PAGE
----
See, having seen the musical, I’ve got to say it feels somewhat oddly confined on the small screen. I think it would have felt oddly confined on the large screen too. Because it should be on a stage. This isn’t like Frost/Nixon, where the stage show is so drastically different from the movie, with the movie attempting to make the viewer feel like the sets aren’t sets where the play used the obvious and minimal sets to focus the action. And this isn’t like Jeffrey, where the more obvious stage show aspects of the script were mixed in with more film-friendly scenes. This is a stage show where the stage has been put in front of cameras. Sure, they don’t have to clear the stage and change the sets in moments between scenes. They had time to change costumes and makeup and you don’t get the same feel that live theater (even recorded and viewed on a screen) has. But it is theater. It’s not the musical numbers (which are great, and catchy, and my mother and I had to consciously not hum Springtime for Hitler on the train on the way home from the play), and it’s not the performances, and it’s not the sets. There’s nothing wrong with the movie. Nothing at all, in my opinion. It’s just not quite completely a movie.

I had a lot of fun watching this tonight, despite its odd nature. I laughed out loud, I enjoyed Nathan Lane and Matthew Broderick, I envisioned the stage performance, and I remembered the original movie. I like this movie. It’s thoroughly enjoyable, though there is that pesky thing about the plot and all. I mean, the original almost didn’t get released. It’s about two Broadway producers who, in trying to make a guaranteed flop, produce a lighthearted musical about Hitler winning World War II, complete with swastika dance formation. It balances right on a razor’s edge of taste and does some fake-out dips to the wrong side every so often. It’s certainly got that in common with the original movie. But what it’s also got in common with the original is that it manages to stay funny. And that the humor was kept through the transition from original to musical on stage to musical on screen is fantastic. And if you like that sort of thing, the movie does a great job. So since Lane and Broderick aren’t performing it on Broadway anymore, the movie really is an excellent stand-in.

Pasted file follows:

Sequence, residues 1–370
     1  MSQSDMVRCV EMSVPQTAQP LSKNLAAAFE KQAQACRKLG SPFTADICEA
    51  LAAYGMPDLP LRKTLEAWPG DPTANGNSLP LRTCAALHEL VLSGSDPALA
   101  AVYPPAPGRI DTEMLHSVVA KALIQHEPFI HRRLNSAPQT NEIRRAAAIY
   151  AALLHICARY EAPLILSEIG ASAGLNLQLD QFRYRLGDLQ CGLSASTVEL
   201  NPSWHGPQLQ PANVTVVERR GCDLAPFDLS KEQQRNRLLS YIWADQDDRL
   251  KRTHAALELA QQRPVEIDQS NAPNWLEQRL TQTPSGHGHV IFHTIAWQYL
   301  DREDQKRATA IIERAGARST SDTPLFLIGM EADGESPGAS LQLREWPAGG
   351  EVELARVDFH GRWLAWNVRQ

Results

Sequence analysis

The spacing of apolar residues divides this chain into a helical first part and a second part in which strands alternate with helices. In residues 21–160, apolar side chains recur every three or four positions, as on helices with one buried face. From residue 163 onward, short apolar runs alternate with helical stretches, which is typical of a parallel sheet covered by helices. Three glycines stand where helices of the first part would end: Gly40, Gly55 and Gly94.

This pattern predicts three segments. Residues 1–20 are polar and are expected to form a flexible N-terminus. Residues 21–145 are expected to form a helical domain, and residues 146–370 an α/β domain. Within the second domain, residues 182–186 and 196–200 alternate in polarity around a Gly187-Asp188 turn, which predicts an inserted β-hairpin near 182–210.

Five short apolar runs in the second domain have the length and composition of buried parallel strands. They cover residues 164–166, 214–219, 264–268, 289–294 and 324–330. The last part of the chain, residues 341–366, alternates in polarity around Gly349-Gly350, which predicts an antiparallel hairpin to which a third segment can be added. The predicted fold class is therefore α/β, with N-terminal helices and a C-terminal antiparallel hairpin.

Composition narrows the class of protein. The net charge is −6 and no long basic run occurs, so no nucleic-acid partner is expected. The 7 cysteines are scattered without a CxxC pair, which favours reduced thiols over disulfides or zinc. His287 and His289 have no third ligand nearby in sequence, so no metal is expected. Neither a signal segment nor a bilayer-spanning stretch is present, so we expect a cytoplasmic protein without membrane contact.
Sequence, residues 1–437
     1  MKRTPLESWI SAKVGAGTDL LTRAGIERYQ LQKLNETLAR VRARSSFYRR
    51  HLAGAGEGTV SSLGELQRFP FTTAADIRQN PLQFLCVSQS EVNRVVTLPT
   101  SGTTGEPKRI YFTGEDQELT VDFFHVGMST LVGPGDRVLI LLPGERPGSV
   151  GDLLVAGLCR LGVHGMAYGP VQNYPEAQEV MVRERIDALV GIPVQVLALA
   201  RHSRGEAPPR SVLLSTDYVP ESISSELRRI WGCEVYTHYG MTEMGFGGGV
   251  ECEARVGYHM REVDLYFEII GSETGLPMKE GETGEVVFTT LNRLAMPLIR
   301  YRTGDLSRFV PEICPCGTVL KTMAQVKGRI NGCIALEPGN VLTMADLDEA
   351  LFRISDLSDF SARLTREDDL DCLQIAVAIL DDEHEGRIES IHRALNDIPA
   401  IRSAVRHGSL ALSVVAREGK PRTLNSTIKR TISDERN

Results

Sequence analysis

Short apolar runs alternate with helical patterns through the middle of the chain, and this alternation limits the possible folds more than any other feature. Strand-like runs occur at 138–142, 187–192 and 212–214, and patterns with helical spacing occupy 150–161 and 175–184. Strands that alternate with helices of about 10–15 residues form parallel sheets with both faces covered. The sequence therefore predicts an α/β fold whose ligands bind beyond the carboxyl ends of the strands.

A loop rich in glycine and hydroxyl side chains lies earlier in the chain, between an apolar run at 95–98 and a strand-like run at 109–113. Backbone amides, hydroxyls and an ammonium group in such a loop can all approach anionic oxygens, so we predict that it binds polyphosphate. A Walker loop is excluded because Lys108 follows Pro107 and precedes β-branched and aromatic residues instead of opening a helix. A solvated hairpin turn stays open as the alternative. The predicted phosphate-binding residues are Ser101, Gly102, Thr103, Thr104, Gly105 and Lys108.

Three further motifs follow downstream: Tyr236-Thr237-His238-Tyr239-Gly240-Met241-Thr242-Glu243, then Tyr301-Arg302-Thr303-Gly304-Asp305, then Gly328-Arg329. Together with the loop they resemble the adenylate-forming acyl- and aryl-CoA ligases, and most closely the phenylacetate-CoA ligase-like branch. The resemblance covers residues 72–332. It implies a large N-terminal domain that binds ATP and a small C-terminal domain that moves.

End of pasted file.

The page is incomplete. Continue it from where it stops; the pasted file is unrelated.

August 27, 2010 Posted by | daily reviews | , , , , | Leave a comment

The Producers (2005)

August 27, 2010

The Producers (2005)

I wish we owned the original Zero Mostel and Gene Wilder Producers. I’ve seen it before of course, but it has been many, many years since I last did. I see the echo of Wilder’s performance in Matthew Broderick here (particularly when he’s shouting) but I can’t really address how this show works as an adaptation. Neither have I seen the musical on the stage, so I can’t even review it as an adaptation of the stage show. Maybe I can summon some thoughts on it as a film musical in general instead.

The plot of the musical echoes that of the movie it is based on. Max Bialystock is a down on his luck Broadway producer whose productions are famed for being unbelievably bad. Leo Bloom is an accountant who shows up one day to examine his books and comes to the realization that given a sure-fire failure a producer could raise all the money he could want and just keep the extra when the play flops. So the two of them find the worst play they can find, the worst director and the worst actors they can. The play, of course, is Springtime for Hitler, an ode to Nazi Germany during World War Two, and the rest is history. Probably the most memorable part of the original movie is the big Springtime For Hitler musical number, so it almost makes sense that Mel Brooks would re-visit the movie thirty years later to create a huge Broadway hit musical about making Broadway hit musicals.